The year before Taylor's graduation, Martin Luther King was assassinated and many cities were in flames. The University of Minnesota made an effort to recruit African-American graduate students for its history department, sending a recruiter to St. Augustine's who talked to Taylor.
"Out of 750 graduate students in the Minnesota history department, they reserved four slots for African Americans. Well, three actually showed up and only two of us stayed," he recalls.
In Minneapolis, Taylor was trained as an urban historian. His mentor, Alan Spear, had done a classic study of black history in Chicago. "We hoped to achieve an understanding of contemporary black urban society by looking at the past," he says.
But the pull of the West again hit Taylor. After getting his master's in 1971, there was an opening in Pullman in the Black Studies Program. "Even at that point, I wanted to be in the West. It intrigued me," he says. Ironically, it was because of his Eastern degree that he was hired. "Talmadge Anderson, the director of the program, was a graduate of St. Augustine's. I think he hired me primarily because I was one, too."
Taylor spent four years in the Palouse, and the last one he was on leave making South by Northwest. He then returned to Minneapolis and earned his Ph.D. from the University of Minnesota. After graduation, he went West again to the California Polytechnical State University in San Luis Obispo, Calif.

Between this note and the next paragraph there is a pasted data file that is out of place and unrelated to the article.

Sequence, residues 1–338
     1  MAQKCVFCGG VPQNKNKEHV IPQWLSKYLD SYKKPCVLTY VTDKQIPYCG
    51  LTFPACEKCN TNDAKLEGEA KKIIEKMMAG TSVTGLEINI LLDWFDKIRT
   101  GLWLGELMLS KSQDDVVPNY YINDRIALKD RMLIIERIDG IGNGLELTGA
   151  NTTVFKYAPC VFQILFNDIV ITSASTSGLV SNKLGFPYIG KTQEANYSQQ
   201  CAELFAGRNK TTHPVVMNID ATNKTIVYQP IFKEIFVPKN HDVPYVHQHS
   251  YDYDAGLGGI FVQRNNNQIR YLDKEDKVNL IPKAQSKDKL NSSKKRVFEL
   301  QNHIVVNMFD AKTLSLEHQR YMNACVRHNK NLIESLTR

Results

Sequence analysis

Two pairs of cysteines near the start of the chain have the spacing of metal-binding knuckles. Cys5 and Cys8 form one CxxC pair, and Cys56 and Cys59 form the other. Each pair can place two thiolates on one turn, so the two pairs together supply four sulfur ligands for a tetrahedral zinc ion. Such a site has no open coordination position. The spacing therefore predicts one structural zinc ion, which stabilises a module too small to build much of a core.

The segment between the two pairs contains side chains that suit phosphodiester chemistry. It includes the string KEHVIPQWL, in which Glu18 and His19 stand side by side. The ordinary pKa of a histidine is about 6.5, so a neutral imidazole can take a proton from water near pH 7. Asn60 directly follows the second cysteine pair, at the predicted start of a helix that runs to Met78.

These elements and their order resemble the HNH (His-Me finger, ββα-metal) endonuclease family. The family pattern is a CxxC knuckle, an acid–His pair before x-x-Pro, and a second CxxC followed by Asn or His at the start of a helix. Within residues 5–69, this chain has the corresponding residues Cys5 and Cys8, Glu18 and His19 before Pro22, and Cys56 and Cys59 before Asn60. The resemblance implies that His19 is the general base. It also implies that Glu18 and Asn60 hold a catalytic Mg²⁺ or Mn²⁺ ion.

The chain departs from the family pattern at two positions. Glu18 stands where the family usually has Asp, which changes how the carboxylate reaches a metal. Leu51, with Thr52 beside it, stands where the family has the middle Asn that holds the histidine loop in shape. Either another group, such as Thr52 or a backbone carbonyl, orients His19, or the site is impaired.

"Cal Poly attracted mostly technical types of students. They were very proud of the fact that they never had a demonstration there during the entire Vietnam War," Taylor says.
Taylor might have been reluctant to go, but he says he wasn't ready yet for an intense research institution. "It was a teaching institution. I ended up writing a lot, even though it wasn't required for tenure and promotion," he recalls.
Another western institution, the University of Oregon, lured him away in 1990. His rise in the history department was swift; he became chair in 1997 but made his decision to leave just a year later.
"There were many advantages for Washington over Oregon. There are far greater resources here, and I'm not just talking abut the salary. For the first time in my career, I have a more or less permanent research assistant," he explains.
"Also, there are four specialists who study black history including me. For the first time in my professional career, I will be in a department with other people doing African-American history."
Ironically Taylor's decision to come to Washington came just weeks after the state's voters passed Initiative 200, which dismantled affirmative action programs in state agencies, including the UW.
Did he hesitate at all after the vote? "No, what we need now are different strategies for access to higher education," he responds. Pointing to a newspaper headline announcing a $1 billion gift by Bill and Melinda Gates to three minority scholarship funds, Taylor adds. "What Bill Gates did today is as important as the rise of affirmative action decades ago.
"If I have learned anything in my study of history, I've learned that you can't reverse time. America will not go back to the 1950s."
You can e-mail Professor Taylor at firstname.lastname@example.org.
Tom Griffin is editor of Columns
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